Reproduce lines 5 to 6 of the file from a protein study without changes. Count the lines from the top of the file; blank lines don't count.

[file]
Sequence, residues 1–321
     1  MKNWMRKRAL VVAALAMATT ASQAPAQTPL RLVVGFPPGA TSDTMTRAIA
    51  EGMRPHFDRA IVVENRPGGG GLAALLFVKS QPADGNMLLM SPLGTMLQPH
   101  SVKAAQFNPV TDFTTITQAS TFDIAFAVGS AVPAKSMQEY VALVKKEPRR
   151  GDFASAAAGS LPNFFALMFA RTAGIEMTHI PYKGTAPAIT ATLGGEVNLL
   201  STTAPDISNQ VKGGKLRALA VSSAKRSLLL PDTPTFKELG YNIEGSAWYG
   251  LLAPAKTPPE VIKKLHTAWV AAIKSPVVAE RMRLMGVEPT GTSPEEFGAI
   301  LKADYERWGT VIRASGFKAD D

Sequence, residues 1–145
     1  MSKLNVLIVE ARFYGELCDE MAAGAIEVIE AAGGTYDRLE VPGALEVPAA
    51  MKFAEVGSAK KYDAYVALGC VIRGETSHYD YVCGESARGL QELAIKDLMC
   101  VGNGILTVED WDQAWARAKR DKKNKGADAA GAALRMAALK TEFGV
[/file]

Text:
   151  GDFASAAAGS LPNFFALMFA RTAGIEMTHI PYKGTAPAIT ATLGGEVNLL
   201  STTAPDISNQ VKGGKLRALA VSSAKRSLLL PDTPTFKELG YNIEGSAWYG